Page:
Water and heat failure persists in extremely cold conditions in Texas. Millions of Texans are surviving without electricity or water this week. Peoples are looking for cell services on overloaded towers, and after water pipes burst and gas leaks into their homes.
Officials said that power outages and pipeline ruptures continued to disrupt water supplies for more than 14 million Texans because the authorities had transported bottles by air, and said that pipeline rupture could be the biggest challenge for residents next week.
W. Nim Kidd, the head of the Texas Department of Emergency Management, said that the authorities provided about 1.7 million bottles of water in the past day and turned to military resources to deliver supplies, while the roads remain dangerously cold. He said he expects to air cargo to Houston, Austin, San Antonio and Abilene on Friday. The government will delivering bottles for “as long as it takes,” Kidd said.
US President Joe Biden is set to declare a major disaster for Texas, clearing the way for more federal funds to be spent on relief efforts. The state is restoring electricity and the temperature will rise, but about 13 million people still face difficulties in obtaining clean water.
Mr Biden said he will visit Texas as long as his presence is not a burden on relief efforts. Throughout the United States, nearly 60 people died in cold weather.
Officials in Texas, such as Houston, Austin and Dallas, are ensuring public access to government resources. Several other southern states were hit by snow storms this week, and water supply disruptions have also been reported.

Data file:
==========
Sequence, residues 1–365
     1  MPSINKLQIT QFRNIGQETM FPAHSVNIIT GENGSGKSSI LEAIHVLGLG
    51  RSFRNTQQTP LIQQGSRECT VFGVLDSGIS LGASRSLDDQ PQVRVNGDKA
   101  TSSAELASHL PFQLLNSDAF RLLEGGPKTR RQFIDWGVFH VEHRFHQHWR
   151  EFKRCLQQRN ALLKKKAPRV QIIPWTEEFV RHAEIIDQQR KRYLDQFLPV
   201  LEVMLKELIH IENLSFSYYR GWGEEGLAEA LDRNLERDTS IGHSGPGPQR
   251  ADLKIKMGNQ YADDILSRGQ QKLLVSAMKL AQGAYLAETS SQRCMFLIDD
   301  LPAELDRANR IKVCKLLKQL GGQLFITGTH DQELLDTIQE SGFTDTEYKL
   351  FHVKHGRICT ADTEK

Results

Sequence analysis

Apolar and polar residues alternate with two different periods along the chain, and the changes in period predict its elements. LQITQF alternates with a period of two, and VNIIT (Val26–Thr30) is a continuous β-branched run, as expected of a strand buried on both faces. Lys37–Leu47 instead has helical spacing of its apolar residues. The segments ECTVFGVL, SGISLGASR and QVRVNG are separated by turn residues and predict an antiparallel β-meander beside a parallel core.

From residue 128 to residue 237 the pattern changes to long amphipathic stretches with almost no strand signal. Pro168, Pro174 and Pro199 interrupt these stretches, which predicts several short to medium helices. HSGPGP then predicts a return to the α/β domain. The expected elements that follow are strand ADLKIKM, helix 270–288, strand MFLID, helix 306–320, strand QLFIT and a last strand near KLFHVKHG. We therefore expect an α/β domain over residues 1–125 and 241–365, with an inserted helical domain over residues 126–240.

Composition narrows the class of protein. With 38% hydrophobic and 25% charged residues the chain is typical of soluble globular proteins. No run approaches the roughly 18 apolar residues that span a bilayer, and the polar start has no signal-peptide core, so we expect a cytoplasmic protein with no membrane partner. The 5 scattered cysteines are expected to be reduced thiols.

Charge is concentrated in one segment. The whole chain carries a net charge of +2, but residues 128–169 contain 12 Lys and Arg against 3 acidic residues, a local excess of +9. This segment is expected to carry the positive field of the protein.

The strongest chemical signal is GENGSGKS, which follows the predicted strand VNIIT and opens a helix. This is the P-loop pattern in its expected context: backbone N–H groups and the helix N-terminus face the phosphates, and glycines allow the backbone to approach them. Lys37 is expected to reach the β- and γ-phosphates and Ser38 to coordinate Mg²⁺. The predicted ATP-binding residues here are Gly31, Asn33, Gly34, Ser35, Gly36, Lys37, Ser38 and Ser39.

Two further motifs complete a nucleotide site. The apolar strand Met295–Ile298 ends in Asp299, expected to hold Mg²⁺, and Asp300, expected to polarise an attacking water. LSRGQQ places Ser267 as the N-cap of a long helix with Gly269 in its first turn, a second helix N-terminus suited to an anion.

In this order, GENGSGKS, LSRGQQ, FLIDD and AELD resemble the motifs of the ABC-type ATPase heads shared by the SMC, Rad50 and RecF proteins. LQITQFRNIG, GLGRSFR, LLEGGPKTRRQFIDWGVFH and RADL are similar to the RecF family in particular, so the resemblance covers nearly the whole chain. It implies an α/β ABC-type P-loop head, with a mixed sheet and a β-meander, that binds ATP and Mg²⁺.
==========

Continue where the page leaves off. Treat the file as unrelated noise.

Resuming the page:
Winter weather also cut off water sources in Jackson, Mississippi (home to approximately 150,000 people) and the largest county in Tennessee (including Memphis), which has a population of more than 651,000.
Across the US South, a region unaccustomed to such frigid temperatures, people whose pipes have frozen have taken to boiling snow to make water.
What happened in Texas?
As the temperature plummeted to a 30-year low and reached 0F (-18C) earlier this week, the energy demand in the Southwest was overwhelmed.
As on Friday, approximately 180,000 homes and businesses in Texas still have no electricity. In the severe cold early this week, as many as 3.3 million people had no electricity.
Hundreds of water supply systems have been damaged by icing, and approximately 13 million people (close to half of the state’s population) are facing interruptions in water services.
The New York State Water Superintendent told reporters on Thursday that 325 million gallons (1.2 billion liters) of water were lost when a pipe in the state’s capital Austin broke.
Houston, the largest city in Texas, is under the so-called “boiling water notification.” The Centers for Disease Control and Prevention (CDC) recommends that all planned consumption of water (even after filtering) must be boiled. Pollution.
Officials there said they are working to quickly distribute bottled water and generators to those in need. Breweries and other local businesses also help provide drinking water.
-With the Inputs and pictures from Shabina Tauqueer (Austin, Texas)